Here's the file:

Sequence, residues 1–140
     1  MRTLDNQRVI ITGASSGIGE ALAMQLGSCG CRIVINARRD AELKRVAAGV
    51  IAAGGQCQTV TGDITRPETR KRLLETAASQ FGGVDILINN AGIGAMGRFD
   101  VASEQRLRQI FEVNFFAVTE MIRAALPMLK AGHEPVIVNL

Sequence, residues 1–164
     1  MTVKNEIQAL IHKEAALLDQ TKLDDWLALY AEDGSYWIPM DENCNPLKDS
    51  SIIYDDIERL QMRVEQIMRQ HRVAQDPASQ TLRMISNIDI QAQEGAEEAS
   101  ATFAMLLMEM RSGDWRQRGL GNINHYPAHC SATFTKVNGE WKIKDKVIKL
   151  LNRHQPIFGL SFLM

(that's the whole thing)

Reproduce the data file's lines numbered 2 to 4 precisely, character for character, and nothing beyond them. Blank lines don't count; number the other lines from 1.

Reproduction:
     1  MRTLDNQRVI ITGASSGIGE ALAMQLGSCG CRIVINARRD AELKRVAAGV
    51  IAAGGQCQTV TGDITRPETR KRLLETAASQ FGGVDILINN AGIGAMGRFD
   101  VASEQRLRQI FEVNFFAVTE MIRAALPMLK AGHEPVIVNL